The Twentieth-Century Novel

English 419 | Washington State University | Fall 2021

Catalog Description

how WSU characterizes the course

3 credits. Course Prerequisite: Junior standing. The novel in English in the literary and cultural context of the modern age. Typically offered Fall, Spring, and Summer.

Additional Description

how Dr. Edwards characterizes the course

How do novels reflect and represent their times, and what are the characteristics of the 20th century that we see represented in its novels? This course traverses the range of the 20th-century novel in English as a way to examine both the changing definition of the genre and the worlds it attempts to represent. Throughout the semester, we will examine a diverse series of shorter novels that foreground questions of modernity and postmodernity in literature and culture, with a particular focus on mimesis and its limits. As a parallel to our in-class discussions and readings, I will also ask you to complete a large final project reading one substantial novel that attempts to engage the completeness of its fictional world: is such a thing possible in the 20th century, even via the extensive use of synecdoche and metonymy? And what directions might the 21st-century novel offer?

How the Course Will Work 

what we'll be doing

Each week, we'll read some portion of a short novel along with critical concepts or essays. We'll also write short responses each week, for a total of 10, of which at least two must be critical and at least two must be creative: in other words, I'll ask you to both create and critique pieces of fiction that embody, problematize, or represent aspects of what we understand as the 20th-century novel. You will also propose and complete a semester-long written project that applies course topics and readings to a long or substantial text of your own selection, and for that project—and all work in the class—I encourage creativity and experimentation.


what we'll read 
required     final project options 

Sandra Cisneros, The House on Mango Street 

Louise Erdrich, Tracks 

Toni Morrison, Sula 

Bharati Mukherjee, Jasmine 

Vladimir Nabokov, Pale Fire 

Thomas Pynchon, The Crying of Lot 49 

Ishmael Reed, Yellow Back Radio Broke Dow

Jean Toomer, Cane  


Margaret Atwood, The Blind Assassin 

Toni Cade Bambara, Those Bones Are Not My Child 

A. S. Byatt, Possession 

Robert Coover, A Public Burning 

Mark Z. Danielewski, House of Leaves 

Samuel Delany, Dhalgren 

Don DeLillo, Underworld 

Helen DeWitt, The Last Samurai 

Ralph Ellison, Invisible Man 

James Joyce, Ulysses 

Doris Lessing, The Golden Notebook 

Rohinton Mistry, A Fine Balance 

Iris Murdoch, The Sea, The Sea 

Joyce Carol Oates, Bellefleur 

Richard Powers, The Gold Bug Variations 

Thomas Pynchon, Gravity's Rainbow 

Salman Rushdie, Midnight's Children 

Leslie Marmon Silko, Almanac of the Dead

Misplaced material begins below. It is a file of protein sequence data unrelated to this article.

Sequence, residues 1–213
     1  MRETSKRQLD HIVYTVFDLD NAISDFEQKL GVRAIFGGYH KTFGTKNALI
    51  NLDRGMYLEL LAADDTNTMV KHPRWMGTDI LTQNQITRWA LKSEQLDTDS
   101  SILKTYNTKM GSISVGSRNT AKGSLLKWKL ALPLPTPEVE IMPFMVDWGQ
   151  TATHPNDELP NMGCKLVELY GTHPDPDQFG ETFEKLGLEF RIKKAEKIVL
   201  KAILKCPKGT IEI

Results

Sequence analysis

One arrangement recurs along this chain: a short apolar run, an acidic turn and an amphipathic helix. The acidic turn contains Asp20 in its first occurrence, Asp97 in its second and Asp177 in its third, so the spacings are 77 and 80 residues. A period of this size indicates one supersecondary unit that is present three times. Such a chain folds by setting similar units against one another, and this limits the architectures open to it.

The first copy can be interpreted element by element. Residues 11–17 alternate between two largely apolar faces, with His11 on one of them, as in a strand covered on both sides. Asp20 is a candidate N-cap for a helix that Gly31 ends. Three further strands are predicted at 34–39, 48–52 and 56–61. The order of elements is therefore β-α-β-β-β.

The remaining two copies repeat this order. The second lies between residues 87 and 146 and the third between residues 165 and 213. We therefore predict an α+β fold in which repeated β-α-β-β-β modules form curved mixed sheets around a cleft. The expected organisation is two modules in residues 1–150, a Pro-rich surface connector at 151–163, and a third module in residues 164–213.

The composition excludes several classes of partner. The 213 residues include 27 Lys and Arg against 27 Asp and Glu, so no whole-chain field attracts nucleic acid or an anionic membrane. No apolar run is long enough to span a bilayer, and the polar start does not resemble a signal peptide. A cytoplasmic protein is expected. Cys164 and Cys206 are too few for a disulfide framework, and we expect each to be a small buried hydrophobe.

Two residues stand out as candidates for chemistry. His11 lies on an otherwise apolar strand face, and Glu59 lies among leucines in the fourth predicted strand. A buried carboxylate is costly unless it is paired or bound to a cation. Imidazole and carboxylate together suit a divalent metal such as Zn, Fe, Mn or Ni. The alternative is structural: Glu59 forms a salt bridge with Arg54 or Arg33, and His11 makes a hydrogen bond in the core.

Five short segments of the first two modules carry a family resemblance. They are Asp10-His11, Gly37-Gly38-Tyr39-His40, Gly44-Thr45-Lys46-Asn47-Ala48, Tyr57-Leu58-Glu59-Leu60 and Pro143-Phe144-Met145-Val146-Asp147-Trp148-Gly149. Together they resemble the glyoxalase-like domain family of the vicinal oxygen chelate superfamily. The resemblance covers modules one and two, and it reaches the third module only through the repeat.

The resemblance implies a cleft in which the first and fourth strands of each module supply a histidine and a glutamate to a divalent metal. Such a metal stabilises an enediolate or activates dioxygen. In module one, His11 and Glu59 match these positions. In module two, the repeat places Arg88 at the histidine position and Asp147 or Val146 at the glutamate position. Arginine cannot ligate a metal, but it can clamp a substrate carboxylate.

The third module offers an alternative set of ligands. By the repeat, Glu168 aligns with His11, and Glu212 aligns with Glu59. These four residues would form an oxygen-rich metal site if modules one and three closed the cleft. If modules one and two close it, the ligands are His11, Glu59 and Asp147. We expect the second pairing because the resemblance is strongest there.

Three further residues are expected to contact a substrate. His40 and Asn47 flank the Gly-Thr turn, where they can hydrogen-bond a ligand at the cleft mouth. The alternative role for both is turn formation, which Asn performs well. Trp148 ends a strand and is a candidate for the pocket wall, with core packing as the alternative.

Margaret Walker, Jubilee 

Richard Wright, Native Son

Assignments & Grading

what we'll work on and what it's worth
  • Discussion forums: 30% (lowest 2 dropped) 
  • Midterm Proposal: 10% 
  • Short essays: 20% (lowest 1 dropped) 
  • Participation: 15% 
  • Final project: 25% 

Discussion forums, during the week due, will require an initial post of 300–400 words and at least 2 brief responses to other people's posts. 

Short essays should attempt to revise, synthesize, and expand upon insights from the discussion forums, and should be 600–1000 words long. 

The final project requires you to select one long novel (500–900 pages or 200,000–250,000 words) to read from the list below and use library research to discuss how it intersects with the themes of the course. Pick one that you want to read and that will be engaging or fun or interesting or amazing, because you'll be working with it through the semester.

Tentative Schedule

our week-to-week activities
  • Week 1: What was and is a novel? Leavis and Wimsatt; the idea of the bildungsroman; historical antecedents
  • Week 2: Cane; modernity and mimesis
  • Week 3: The House on Mango Street; interiority and voice; Toril Moi 
  • Week 4: The Crying of Lot 49; paranoia and simulacra; Baudrillard, Lyotard, Jameson 
  • Week 5: Sula; Alice Walker "In Search of Our Mother's Garden's," Toni Morrison from Playing in the Dark 
  • Week 6: Pale Fire part 1; genre and unreliability; Barthes and intertextuality 
  • Week 7: midterm projects 
  • Week 8: Pale Fire part 2; metafiction; Stanley Fish and Wolfgang Iser; interpretation and decoding 
  • Week 9: Tracks part 1; multiple histories; memory and voice  
  • Week 10: Tracks part 2; myth and narrative 
  • Week 11: Yellow Back Radio Broke Down; Bakhtin and polyvocality; Henry Louis Gates "The Signifying Monkey" 
  • Week 12: Jasmine part 1; migration narratives and the subaltern 
  • Week 13: Jasmine part 2; wrap-up; final projects workshopping 
  • Week 14: presentations 
  • Week 15: presentations 
  • Exam: final projects due